Day: February 4, 2003

  • PyBlagg == Spycyroll

    V. Satheesh Babu:

    Apparently, my quick and dirty news aggregator is found useful by others too. So, we have setup a sourceforge project to host this. At the moment, it is still the same code base. We’ll add more features to this.

  • Quick tblib Tweak

    I tweaked tblib to use a user agent:

    User-Agent: tblib/0.1.0 Python

    I’ll probably tweak that a bit before the next minor tblib update.

  • WSDL and Python

    Uche Ogbuji released a tutorial at IBM DeveloperWorks in 2001 that guides you through using WSDL in Python.  He also released a library for Python called WSDL4py.

    It is interesting that neither of the two “major” Python SOAP implementations seem to support WSDL at all.  I have been spoiled by the tight WSDL integration with C#/.NET and WSDL2Java.  Even the lightweight SOAP::Lite for Perl has WSDL support for the client side.

    I might have to take a closer look at WSDL4py (which was hard to locate, the links from IBM’s website didn’t want to work).  It looks like I can use it to generate a WSDL document as well as consume them.

    It feels weird getting back into SOAP after spending a lot of time in more lightweight web services.

  • SOAP Behind the Firewall

    Phil Wainewright:

    Integration vendor Cysive has issued a report that recommends dispensing with SOAP for high-volume applications deployed inside an enterprise, writes line56. “If we’re inside the firewall, why do we need to get to http, which is a relatively slow protocol, and why do we have to do all this parsing to get there?” wonders the company’s director of public relations.

    I’d like to paraphrase something that Sam Ruby said during his talk at the Web Services DevCon East:

    If you control both ends of the wire, SOAP is probably not for you.

    I think I got that about right, I’ll have to check my notes.  That’s what came to my head while reading Phil’s entry.  If you control both ends of the wire, RMI, .NET remoting, COM, or other forms of communication are probably faster and more appropriate.

  • Blosxom 1.2 Released!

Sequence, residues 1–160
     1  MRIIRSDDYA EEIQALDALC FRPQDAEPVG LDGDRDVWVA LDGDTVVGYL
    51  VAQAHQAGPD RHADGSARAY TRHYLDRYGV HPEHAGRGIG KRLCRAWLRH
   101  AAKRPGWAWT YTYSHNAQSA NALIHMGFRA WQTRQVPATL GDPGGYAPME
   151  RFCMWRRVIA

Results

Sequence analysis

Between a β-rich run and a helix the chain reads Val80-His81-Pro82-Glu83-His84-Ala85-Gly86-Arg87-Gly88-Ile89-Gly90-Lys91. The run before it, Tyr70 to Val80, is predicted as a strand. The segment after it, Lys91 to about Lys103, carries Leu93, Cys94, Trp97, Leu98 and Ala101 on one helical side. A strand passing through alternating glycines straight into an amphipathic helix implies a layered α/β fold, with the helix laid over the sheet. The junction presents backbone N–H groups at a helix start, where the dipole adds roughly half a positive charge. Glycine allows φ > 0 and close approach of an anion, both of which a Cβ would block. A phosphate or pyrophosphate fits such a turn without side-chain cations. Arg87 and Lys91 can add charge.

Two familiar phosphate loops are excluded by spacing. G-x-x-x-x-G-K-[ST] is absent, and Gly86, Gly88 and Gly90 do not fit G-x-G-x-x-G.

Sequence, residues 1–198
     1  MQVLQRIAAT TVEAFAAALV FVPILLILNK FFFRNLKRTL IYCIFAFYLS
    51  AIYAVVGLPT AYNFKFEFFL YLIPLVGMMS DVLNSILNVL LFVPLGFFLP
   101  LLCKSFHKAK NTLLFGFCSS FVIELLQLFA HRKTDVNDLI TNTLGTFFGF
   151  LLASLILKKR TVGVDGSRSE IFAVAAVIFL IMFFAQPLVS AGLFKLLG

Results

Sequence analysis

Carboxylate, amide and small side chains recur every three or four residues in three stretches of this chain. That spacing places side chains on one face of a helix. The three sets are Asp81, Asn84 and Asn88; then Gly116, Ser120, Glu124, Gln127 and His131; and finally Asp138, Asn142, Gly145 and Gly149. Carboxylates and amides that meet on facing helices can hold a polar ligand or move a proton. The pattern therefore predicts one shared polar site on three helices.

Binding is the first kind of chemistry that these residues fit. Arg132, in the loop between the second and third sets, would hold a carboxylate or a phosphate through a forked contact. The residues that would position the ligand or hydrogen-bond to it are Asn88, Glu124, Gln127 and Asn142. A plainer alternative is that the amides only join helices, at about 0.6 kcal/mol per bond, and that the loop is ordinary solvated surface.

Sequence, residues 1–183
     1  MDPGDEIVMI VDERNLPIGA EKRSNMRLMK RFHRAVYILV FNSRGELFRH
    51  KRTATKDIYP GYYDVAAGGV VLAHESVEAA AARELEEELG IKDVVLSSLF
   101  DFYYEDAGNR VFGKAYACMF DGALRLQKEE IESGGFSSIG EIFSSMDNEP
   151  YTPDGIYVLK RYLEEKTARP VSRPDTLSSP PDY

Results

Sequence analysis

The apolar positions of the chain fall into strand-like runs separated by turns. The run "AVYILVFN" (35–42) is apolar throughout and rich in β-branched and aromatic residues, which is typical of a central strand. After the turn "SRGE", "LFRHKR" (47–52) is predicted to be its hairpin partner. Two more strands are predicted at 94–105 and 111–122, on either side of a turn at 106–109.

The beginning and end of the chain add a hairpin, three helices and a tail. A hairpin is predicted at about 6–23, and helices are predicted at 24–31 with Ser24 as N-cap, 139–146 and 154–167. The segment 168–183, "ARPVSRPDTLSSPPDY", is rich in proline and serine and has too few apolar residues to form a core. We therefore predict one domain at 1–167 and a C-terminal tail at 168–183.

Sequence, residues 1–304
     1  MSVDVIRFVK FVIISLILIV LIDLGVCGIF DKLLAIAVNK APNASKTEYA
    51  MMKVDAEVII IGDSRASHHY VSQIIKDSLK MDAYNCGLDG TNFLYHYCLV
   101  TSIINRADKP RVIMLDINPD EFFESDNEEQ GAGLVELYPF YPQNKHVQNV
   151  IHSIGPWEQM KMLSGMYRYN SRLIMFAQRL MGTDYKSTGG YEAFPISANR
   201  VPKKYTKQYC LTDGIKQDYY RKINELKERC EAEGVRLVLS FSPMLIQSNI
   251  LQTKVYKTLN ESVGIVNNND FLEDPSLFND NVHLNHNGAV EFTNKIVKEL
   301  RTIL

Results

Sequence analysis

Blosxom 1.2 is available for download. This release adds static rendering of individual entries (along with path- and date-based views), customizable daily date-stamp (via date.flavour template), configurable file extension and default flavour, and bits and bobs of cleanup (most notable being the end of the dreaded double-slash bug — if you don’t know what this means, don’t worry about it 😐 ).

  • Aggregated Python News

    Python Programmer Weblogs aggregates approximately 30 (as of this writing) python-related weblogs, my Python category included.  Think of it as the python equivalent to java.blogs.

    It is simple, yet elegant.

    It uses pyblagg [cvsweb], which relies on Mark’s awesome RSS parser.  Pyblagg was written by V. Satheesh Babu, and was obviously influenced by Rael’s blagg.

  • Enterprise FreeBSD


    After three years in the making the FreeBSD Release 5.0 operating system has been made available to the general public. Released towards the end of January, the OS provides first-time support for Sun’s Sparc64 and Intel’s IA64 platforms. And while some effort has been put into AMD’s Hammer architecture, there is presently no usable support for the 64-bit mode of Hammer, said FreeBSD engineer, Scott Long.” Read the article at LinuxWorld.

  • Using NUnit

    Sam Gentile:

    Ron Jefferies, one of the inventors of Extreme Programming, and a man I admire very much, is working on an online book, Adventures in C#, of which the latest installment is Adventures in C#: Using NUnit, Be sure to check this out.